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New, stripped-down flu vaccine might work better, study finds

National Institute of Allergy and Infectious Diseases

A new flu vaccine is made out of self-assembling nanoparticles. This images shows what the particle looks like - to the immune system, it looks like a flu virus.

Researchers have developed a “stripped down” synthetic flu vaccine that they believe will not only work better than current vaccines, but might last longer, too -- saving people from having to get a fresh flu shot every year.

They say it’s the first step toward a new generation of influenza vaccines, designed entirely in the lab, using nanoparticles instead of the decades-old approach that uses chicken eggs. The nanoparticles assemble themselves into an imposter of the flu virus -- one that seems to excite the immune system far more than the real thing.

“This is, I believe, an important advance,” says Dr. Tony Fauci, head of the National Institute of Allergy and Infectious Diseases, where the research was done.

Current flu vaccines are clunky at best. Most are still grown in eggs, an uncertain technology that takes months. Entire factories full of vaccine can be shut down because of contamination. Researchers have figured out how to make synthetic versions of the flu virus to use as a basis for the vaccine, but many still use real viruses, either killed or weakened so they don’t make people sick.

And it’s never certain from one year to the next how well the vaccine will work. No one is precisely sure why, but the virus mutates every year, and a variety of strains circulate at any given time. The result is that some years the vaccine protects people well, and in others, it doesn’t.

For instance, this past season’s influenza vaccine reduced the chances of illness by just 9 percent in people older than 65, the Centers for Disease Control and Prevention says, and reduced illness for the population as a whole by 56 percent.

And then every few years, a new strain pops up to infect people. Health officials are currently keeping a wary eye on two strains of bird flu, H5N1 and H7N9, either of which could mutate just a bit more to cause a pandemic.

The new vaccine uses a key part of the flu virus, called hemagglutinin, which gives flu the “H” in its name.  Dr. Gary Nabel, who was at NIAID at the time, fused a bit of hemagglutinin to a piece of a compound called ferritin. Ferritin naturally makes itself into little nanoparticles, and the result was a nano-sized spiky ball that looked a lot like a natural bit of hemagglutinin.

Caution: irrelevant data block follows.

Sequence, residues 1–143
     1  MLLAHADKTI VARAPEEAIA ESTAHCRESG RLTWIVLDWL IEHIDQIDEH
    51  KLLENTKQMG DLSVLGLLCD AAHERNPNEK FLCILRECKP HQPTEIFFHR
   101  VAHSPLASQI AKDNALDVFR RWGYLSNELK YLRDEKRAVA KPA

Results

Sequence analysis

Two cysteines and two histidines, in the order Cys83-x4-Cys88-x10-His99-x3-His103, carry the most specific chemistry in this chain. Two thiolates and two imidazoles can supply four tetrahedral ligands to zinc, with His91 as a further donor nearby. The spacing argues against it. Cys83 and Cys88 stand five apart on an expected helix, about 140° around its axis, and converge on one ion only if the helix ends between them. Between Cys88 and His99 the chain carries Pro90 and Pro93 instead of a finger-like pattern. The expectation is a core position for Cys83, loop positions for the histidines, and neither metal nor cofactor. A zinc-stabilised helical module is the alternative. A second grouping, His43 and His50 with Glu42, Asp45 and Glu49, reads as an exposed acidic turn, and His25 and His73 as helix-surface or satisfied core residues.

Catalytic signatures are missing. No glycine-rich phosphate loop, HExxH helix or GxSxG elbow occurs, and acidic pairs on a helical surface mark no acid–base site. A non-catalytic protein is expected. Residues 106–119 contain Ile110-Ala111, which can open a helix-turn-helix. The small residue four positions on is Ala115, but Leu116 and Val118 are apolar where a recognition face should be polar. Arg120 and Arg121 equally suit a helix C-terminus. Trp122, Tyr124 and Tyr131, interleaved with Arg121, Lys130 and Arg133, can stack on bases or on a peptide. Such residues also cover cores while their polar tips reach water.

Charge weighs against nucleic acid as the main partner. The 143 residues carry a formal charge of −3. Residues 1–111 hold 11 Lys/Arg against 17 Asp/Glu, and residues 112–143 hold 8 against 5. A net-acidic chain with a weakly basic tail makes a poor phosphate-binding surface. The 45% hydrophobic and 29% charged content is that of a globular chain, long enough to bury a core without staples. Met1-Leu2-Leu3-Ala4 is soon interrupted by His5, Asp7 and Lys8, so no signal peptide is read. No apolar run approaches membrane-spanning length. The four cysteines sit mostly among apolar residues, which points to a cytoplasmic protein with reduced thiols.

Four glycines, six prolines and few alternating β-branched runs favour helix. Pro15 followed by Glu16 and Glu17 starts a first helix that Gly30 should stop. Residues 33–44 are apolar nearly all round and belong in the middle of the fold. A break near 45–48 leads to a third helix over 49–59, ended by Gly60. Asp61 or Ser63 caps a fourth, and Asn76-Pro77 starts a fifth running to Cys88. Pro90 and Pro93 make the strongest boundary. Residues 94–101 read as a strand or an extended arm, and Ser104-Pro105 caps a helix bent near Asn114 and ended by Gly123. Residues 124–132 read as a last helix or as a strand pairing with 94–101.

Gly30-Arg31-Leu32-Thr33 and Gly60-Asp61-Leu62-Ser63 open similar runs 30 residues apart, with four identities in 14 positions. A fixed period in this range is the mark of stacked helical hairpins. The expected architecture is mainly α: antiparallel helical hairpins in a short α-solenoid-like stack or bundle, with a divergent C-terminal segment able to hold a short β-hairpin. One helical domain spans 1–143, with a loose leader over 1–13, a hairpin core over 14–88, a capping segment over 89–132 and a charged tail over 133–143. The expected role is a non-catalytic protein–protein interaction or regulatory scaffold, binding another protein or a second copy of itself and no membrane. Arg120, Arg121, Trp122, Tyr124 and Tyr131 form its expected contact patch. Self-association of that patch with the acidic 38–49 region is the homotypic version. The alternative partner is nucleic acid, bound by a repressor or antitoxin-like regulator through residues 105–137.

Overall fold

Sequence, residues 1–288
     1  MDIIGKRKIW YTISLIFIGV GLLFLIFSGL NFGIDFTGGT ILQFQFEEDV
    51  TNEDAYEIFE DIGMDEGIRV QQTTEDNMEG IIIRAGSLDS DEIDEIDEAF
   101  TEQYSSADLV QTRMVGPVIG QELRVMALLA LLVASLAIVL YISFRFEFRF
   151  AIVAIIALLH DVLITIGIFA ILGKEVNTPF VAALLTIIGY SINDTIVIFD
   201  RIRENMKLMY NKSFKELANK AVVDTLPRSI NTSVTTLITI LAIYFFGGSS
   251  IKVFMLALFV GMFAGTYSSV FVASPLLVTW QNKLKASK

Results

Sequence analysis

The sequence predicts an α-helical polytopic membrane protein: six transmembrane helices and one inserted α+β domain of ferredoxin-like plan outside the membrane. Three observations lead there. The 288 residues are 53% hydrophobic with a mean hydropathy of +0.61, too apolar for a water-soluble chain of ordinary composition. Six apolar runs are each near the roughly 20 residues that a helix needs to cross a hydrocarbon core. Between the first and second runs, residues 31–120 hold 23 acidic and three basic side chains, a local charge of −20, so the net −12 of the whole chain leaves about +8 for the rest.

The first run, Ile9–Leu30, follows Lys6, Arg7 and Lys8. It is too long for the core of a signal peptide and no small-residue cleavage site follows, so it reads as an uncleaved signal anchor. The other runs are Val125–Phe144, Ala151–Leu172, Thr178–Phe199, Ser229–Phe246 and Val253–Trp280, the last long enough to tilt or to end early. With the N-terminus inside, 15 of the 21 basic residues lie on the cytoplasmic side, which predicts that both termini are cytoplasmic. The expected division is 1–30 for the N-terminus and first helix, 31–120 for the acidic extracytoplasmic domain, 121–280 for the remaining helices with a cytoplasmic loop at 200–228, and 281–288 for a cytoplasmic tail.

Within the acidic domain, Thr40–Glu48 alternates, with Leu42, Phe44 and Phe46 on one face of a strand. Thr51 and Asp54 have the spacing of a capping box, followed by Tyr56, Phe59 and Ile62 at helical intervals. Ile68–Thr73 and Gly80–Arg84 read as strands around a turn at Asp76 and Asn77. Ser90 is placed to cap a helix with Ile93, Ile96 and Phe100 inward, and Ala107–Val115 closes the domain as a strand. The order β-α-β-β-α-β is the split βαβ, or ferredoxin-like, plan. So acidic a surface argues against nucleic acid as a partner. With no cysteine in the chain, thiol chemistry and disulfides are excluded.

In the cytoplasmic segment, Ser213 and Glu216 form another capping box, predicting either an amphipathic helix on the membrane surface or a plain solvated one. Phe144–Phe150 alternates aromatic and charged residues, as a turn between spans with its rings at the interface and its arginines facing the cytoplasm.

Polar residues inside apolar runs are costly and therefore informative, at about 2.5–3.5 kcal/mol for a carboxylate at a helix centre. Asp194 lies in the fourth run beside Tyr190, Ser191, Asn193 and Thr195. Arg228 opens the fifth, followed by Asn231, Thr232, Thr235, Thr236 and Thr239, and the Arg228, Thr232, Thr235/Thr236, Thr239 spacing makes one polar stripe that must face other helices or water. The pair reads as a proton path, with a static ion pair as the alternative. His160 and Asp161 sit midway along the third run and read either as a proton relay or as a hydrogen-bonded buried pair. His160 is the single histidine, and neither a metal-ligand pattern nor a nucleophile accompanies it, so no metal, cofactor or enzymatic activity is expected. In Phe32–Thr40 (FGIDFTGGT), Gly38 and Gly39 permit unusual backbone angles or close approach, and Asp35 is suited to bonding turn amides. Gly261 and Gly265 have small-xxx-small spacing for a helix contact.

Nabel says it’s a stripped-down version of flu virus that the immune system recognizes even better than it does real flu. Tests on animals showed the nanoparticles caused the body to produce 10 times as many virus-fighting antibodies as the current seasonal flu vaccine, Nabel’s team reports in the journal Nature.

“They look like flu. They react with antibodies like flu,” Nabel, who now works for vaccine maker Sanofi, said in a telephone interview.

The vaccine protected ferrets against H1N1 flu viruses, an H3 flu virus and an influenza B virus, too. Ferrets are the animals that react most like humans to flu.

Now researchers are working to make a version that can be tested in people.

Nabel thinks the vaccine will provide broader immunity than current vaccines, as well as a stronger immune response. But humans have unique immune systems and it’s not yet clear how it will work in people.

It may also speed up the convoluted process for making vaccines, which starts with growing the virus in the lab, something that can take months. “We don’t need the virus to replicate. We just put the gene into a cell and make the particle. It is rather an amazing process,” Nabel says.

“In theory it could be very fast.” If it takes three months now to make a “seed” virus for a vaccine, the new process would only take a week or two, he estimates.

It took months to make and roll out vaccine against H1N1 swine flu when it first broke out in 2009 and thousands of people died during the delay. CDC doesn’t count how many adults die from flu each year, because it’s so variable -- anywhere from 4,000 to 49,000 a year.

The new technology might not just work against flu. “This is a platform that could be used for other viruses,” Nabel said. That could include the AIDS virus or herpes, or even coronaviruses like the new MERS virus that has killed more than 20 people in Saudi Arabia and other middle east countries.

Fauci said in theory, a vaccine made from this new technology could last longer than the current seasonal flu vaccine. “To me, this is an important step toward the development of a universal flu vaccine,” Fauci said. “The definition of a universal flu vaccine is it covers wide range (of virus strains) and you wouldn’t necessarily need to get a new one each year.”

Dr. John Treanor, a flu vaccine researcher at the University of Rochester Medical Center, said the approach resembled some newer-generation vaccines that use synthetic technology and that have been shown to work in people.  “It certainly is a very technically advanced approach,” said Treanor, who was not involved in the research.